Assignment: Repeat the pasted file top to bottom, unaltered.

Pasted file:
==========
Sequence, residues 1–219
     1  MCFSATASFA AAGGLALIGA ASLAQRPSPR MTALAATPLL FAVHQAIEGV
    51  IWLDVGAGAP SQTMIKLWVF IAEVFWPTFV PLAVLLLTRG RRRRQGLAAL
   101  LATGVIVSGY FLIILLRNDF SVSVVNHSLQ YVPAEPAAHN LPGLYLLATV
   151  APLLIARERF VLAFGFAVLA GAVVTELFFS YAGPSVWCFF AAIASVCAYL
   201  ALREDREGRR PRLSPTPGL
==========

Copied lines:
Sequence, residues 1–219
     1  MCFSATASFA AAGGLALIGA ASLAQRPSPR MTALAATPLL FAVHQAIEGV
    51  IWLDVGAGAP SQTMIKLWVF IAEVFWPTFV PLAVLLLTRG RRRRQGLAAL
   101  LATGVIVSGY FLIILLRNDF SVSVVNHSLQ YVPAEPAAHN LPGLYLLATV
   151  APLLIARERF VLAFGFAVLA GAVVTELFFS YAGPSVWCFF AAIASVCAYL
   201  ALREDREGRR PRLSPTPGL